I’ve written, for example, about the abominable practice by some physicians who write prescriptions for powerful anti-psychotic medications for tots; the drugs never have been tested in children. No one will defend this use, though it is increasing and may be a dangerous use of drugs to restrain difficult infants and toddlers. Medical device manufacturers have come under fire when their products were used off-label for unintended uses, resulting in one case in thousands of claims of patient harms.

A U.S. Senate Committee has ripped a medical device maker, hospitals, and federal regulators for their shameful roles in allowing scores of patients to be sickened and some to die due to defects in a flexible, state-of-art scope used in gastrointestinal procedures. The committee’s findings and some other recent reports ought, in particular, to raise lawmakers’ hackles about the cozy relationships between regulators and industry and how these work to the public’s detriment.

I wrote recently about this scandal, uncovered by the Los Angeles Times. The paper’s investigation found three infection outbreaks linked to Olympus scopes and blamed 21 deaths on dirty scopes.

Senate investigators found the situation was far more widespread — with 25 outbreaks — and the conduct of the various parties even more problematic. We already knew that Olympus dissembled throughout the growing crisis. It blamed others for faulty cleaning. It told European customers there might be problems with the devices but failed to warn users in the bigger, more profitable American market. Olympus, though it knew of spreading concerns, sought to persuade affected hospitals that they were alone in their problems. The company moved as slowly as it could in filing incident reports with federal regulators.

Twenty-one patients died and at least two dozen others fell ill from infections now linked to a flexible, state-of-the-art scope used in gastrointestinal examinations, even as the medical device’s manufacturer for years kept selling the instrument and failed to alert hospitals about growing dangers, the Los Angeles Times has reported. The paper detailed its findings about a nationwide outbreak that became public only after problems were publicized at a major, Southern California medical center.

The manufacturer, Olympus of Japan, blamed others and improper cleaning for deadly infections tied to its instrument. It also kept hospitals and regulators in the dark about problems with the devices, allowing each of several hospitals involved to think it was the only one having issues, the paper reported. It quoted a gastroenterologist at one affected hospital as saying the company’s silence was “unethical, irresponsible, and dangerous.”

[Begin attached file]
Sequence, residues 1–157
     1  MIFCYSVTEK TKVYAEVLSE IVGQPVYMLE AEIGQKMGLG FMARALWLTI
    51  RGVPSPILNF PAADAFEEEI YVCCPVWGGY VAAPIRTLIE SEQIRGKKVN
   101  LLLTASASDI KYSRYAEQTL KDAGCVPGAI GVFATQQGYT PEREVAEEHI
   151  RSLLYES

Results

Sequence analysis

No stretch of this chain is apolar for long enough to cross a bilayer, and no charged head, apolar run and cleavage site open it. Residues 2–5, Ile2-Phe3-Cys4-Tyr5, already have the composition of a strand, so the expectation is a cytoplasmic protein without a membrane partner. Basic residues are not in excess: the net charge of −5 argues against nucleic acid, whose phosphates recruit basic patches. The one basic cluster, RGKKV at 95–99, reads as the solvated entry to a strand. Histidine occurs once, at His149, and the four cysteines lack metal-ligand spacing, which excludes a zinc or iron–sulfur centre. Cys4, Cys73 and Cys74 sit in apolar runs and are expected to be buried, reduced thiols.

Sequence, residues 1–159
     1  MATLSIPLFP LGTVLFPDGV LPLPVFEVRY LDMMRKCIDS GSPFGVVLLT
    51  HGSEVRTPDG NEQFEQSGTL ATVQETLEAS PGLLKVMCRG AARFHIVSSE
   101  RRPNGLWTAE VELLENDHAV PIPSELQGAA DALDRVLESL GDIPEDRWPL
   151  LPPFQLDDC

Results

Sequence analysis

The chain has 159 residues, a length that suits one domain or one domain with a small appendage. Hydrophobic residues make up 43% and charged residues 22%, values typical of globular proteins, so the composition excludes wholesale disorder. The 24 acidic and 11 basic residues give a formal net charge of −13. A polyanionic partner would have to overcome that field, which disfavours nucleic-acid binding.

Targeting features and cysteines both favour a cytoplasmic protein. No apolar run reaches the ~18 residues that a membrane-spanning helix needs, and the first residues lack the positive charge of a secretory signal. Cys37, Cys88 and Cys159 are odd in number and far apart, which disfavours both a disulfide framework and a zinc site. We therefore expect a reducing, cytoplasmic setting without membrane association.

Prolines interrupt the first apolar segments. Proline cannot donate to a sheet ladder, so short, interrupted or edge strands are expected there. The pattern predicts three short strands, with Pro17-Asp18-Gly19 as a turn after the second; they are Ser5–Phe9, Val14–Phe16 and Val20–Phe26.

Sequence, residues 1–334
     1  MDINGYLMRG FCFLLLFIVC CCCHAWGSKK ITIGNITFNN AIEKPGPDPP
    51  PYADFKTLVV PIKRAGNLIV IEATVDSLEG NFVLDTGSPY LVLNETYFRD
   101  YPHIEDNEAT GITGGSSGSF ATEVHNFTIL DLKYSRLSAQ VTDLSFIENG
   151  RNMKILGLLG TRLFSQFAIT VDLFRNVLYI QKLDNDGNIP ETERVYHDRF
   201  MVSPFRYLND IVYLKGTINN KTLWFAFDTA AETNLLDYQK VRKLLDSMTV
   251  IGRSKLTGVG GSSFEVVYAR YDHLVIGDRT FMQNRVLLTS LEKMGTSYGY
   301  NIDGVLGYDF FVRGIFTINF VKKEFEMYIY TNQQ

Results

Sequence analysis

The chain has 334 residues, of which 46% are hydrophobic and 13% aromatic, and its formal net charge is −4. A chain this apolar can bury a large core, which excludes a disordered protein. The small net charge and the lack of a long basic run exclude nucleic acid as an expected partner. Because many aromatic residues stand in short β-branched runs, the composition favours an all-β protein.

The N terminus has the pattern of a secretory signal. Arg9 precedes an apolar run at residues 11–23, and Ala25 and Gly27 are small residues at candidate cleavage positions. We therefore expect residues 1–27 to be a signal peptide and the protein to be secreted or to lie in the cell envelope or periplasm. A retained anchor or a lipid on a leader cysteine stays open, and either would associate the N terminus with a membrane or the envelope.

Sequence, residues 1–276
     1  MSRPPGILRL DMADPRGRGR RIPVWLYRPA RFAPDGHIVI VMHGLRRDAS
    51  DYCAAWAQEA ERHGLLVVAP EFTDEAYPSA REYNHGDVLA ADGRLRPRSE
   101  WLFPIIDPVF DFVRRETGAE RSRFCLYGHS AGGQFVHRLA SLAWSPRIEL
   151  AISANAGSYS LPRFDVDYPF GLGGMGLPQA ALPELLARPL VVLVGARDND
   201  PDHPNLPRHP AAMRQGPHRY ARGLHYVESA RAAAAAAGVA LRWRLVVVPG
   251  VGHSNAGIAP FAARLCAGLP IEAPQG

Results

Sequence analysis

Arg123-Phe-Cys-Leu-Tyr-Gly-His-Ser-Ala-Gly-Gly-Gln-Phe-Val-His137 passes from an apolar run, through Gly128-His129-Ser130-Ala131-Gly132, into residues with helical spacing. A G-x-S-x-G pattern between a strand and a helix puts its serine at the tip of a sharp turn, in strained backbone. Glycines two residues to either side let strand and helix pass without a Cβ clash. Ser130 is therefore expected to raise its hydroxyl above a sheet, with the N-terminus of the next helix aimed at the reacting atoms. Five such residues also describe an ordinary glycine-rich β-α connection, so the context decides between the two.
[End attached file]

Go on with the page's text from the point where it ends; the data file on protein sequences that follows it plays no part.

Only after the Times published reports of three Southern California deaths did federal regulators issue a nationwide warning, and investigations in LA, Pittsburgh, and Seattle were tied together. These indicated that, what the manufacturer had called improvements in the scope’s design and had led to a higher costs for the devices, permitted a grimy film to develop in Olympus scopes; this residue harbored patient tissue and deadly microbes that were fatally spread. The company was brought in to see how hospitals tried to clean the scopes, offering no adverse commentary about intensified procedures that ultimately proved inadequate.

Here’s another device you probably don’t need. Or do you?

That’s the question Austin Frakt, who writes for the New York Times, tried to answer for himself when his cardiologist told him that one of his heart’s chambers sometimes pumped when it shouldn’t. The doctor had been “99.9% certain” that it wasn’t worrisome, and doctor advised against additional tests and visits.

But even though he’s a health economist, and knows that many commonly prescribed tests aren’t necessary, Frakt is only human. “As a patient,” he acknowledged in his story in The Times, “I’m not confident I know which ones.”

Earlier this year, both patients and providers were shocked when a rash of hospital patients got seriously ill or died after medical devices used to examine their gastrointestinal tracts infected them because they were not sufficiently cleaned after previous use. 

Now, it seems, inpatients aren’t the only ones who need to worry about contaminated medical instruments — according to an advisory issued by the Centers for Disease Control and Prevention ( CDC) and FDA, a wide range of reusable diagnostic instruments used in doctors’ offices and other outpatient facilities are vulnerable to the same risk of carrying other patients’  bacteria.

And last week, the FDA followed up that notice with a warning that bronchoscopes specifically can transmit infections if not adequately cleaned — 109 such adverse events have been recorded by the agency in the last five years, according to Bloomberg.com. Bronchoscopes are instruments inserted into the mouth or nose and through the windpipe (trachea) to examine the lungs’airways.

In the same week in which the FDA issued warnings to companies whose invasive medical scopes are difficult to disinfect and that have spread deadly infections, another hospital’s infectious outbreak is being investigated for the same type of problem.

As the Los Angeles Times reported last week, Huntington Memorial Hospital in Pasadena, Calif., informed health authorities about the possible link between a small wave of infections and bacteria-trapping Olympus duodenoscopes. That company makes more than 8 in 10 of such devices used in the U.S.

As our blog explained when the first outbreaks were reported earlier this year, duodenoscopes are inserted into and down patients’ throats to view and treat a variety of serious, often life-threatening gastrointestinal problems. Although the FDA cited manufacturers for not reporting infections they knew were occurring because their equipment couldn’t be fully disinfected, the feds continue to allow their use because there are no options for the critically ill people who might benefit from them.

Patrick Malone & Associates, P.C. listed in Best Lawyers Rated by Super Lawyers Patrick A. Malone